You only have to look around campus to see the degree of interest aroused by food, he says: the vegetable garden that's sprouted at the top of Memorial Glade, the weekly farmers market on Sproul Plaza, several student groups organized around sustainable food, and Pollan's own graduate courses on writing about food systems.
"I get a lot of young people, undergrads and graduate students, who say I want to devote my life to this battle. What do I do? Should I be a writer?" Pollan says. "I usually say no. I say you should become a lawyer or a policy maker. I can read the Farm Bill but we need people who can actually understand it and know how to rewrite it."
Exploring food issues with freshmen is a rare opportunity for Pollan, since he teaches in the graduate school. "Food is so tied up with identity and class, so I just think it's a very interesting touchstone for students away from home for the first time to be talking about," he says.
Public highlights of this fall's On the Same Page program
"The Global Food Crisis." Panelists include Berkeley professors Miguel Altieri and David Zilberman and Stuffed and Starved author Raj Patel. In the Maude Fife Room, 315 Wheeler, Tuesday, Sept. 29, 3:30-5 p.m.
Food, Inc. The hit documentary is screening in Wheeler Auditorium, Tuesday, Sept. 29, at 7 p.m.
"The Omnivore's Solution: Fixing Food from Farm to Fork." Michael Pollan speaks at Zellerbach Hall, Wednesday, Sept. 30 at 8 p.m.
"Eat, learn, live." A sustainable-food fair, also featuring Pollan, along with campus groups involved with the issue. Krutch Theater, Clark Kerr Campus, Thursday, Oct. 1, 4 to 6 p.m.
Ticket information and details can be found at On the Same Page
'We are corn walking': Why Berkeley faculty are flocking to talk about Omnivore's Dilemma
Take one book — in this case Michael Pollan's The Omnivore's Dilemma. Give Berkeley's faculty free rein to run with its ideas. And the result is 22 one-time discussion groups on an astonishingly broad range of provocative topics, presented as part of On the Same Page. Here's what a few faculty have to say about their takes on Pollan's book:
Kenneth Ribet, Professor of mathematics
I'm very interested in food, possibly because I lived and worked in France for much of the time between 1975 and 1990, or so. These days I tend to shop pretty much exclusively at the Monterey Market, farmers' markets, and the two Berkeley Bowls. I stay out of supermarkets — including Whole Foods. I'm a big fan of local producers.
Nonetheless, or perhaps because of this, I learned quite a lot from the Pollan book. I now am especially keen to avoid organic foods that are shipped long distances (e.g., organic beef from South America). I've come to understand that even locally sourced organic eggs and poultry are "manufactured" in facilities that are not much different from their traditional analogues. I hope to tell all this to the students.
Linda Rugg, Associate professor of Scandinavian studies
I grew up in Nebraska, where the corn and soybeans of industrial farming have taken over much of the landscape, and I detasseled corn and hoed soybeans as a kid. . . a little cog in the corporate farming machine.
Today, my father, once a salesman of heavy-duty chemical fertilizers and pesticides, is an organic community farmer. Hearts and minds are slowly starting to change.
So Pollan's books have spoken to me, and when I heard that we were adopting The Omnivore's Dilemma for the On the Same Page program, I wanted in.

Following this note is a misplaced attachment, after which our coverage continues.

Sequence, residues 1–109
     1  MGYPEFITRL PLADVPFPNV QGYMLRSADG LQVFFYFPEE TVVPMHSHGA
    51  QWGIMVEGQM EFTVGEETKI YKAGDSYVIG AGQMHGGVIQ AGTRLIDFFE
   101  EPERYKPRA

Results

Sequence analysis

As a scholar of literature and film, I felt that one of the best ways for me to help people examine the basic premises of Pollan's work would be to look at how a work of art relates questions of aesthetics, belief, love, and deep cultural identity to the preparation and consumption of food. I wanted to choose a film from a culture I know well, and so I chose the beautiful Babette's Feast.
Carla Hesse, L&S Dean of Social Sciences, Peder Sather Professor of History
I chose the provocative theme of cannibalism to encourage students to attend to the rhetorical aspects of writing about nature. One of the magical effects of Michael Pollan's writing is that he invites readers to think of plants and animals as having attributes and qualities of human-like agency, with respect to other life forms. He suggests that corn is "eating" us (i.e., consuming our energies and exploiting our weakness for sugar).
I used the word "cannibalism" to evoke the problem of what happens to the boundary between human life and other life forms if we attribute evolutionary agency to non-human forms of life. If the human/nature boundary dissolves, does that not make us all (humans, animals, and plants) into cannibals? The rhetorical effect of analogizing between humans and plants can lead to some interesting philosophical quandaries, both conceptual and moral.
Todd Dawson, Professor of integrative biology
What inspired me to get involved was my respect for what Michael accomplished with his book, the importance of raising public (student) awareness about the foods they eat, and the fact that I provided some of the book's scientific evidence about corn in our diet, what corn is among all the plants we eat, and why we might care.
As we consume and assimilate the foods we require, the stable C (carbon) and N (nitrogen) isotope composition of these foods can leave distinct "fingerprints" on the C and N that composes us. With respect to C and N, we are literally what we eat.
Stable isotope analysis of human hair reveals that corn has increased by some 10,000% in modern North American diets in just 50 years. We are corn walking. This discussion will focus on the science underlying how we determine what we eat, why we might care and what it could mean.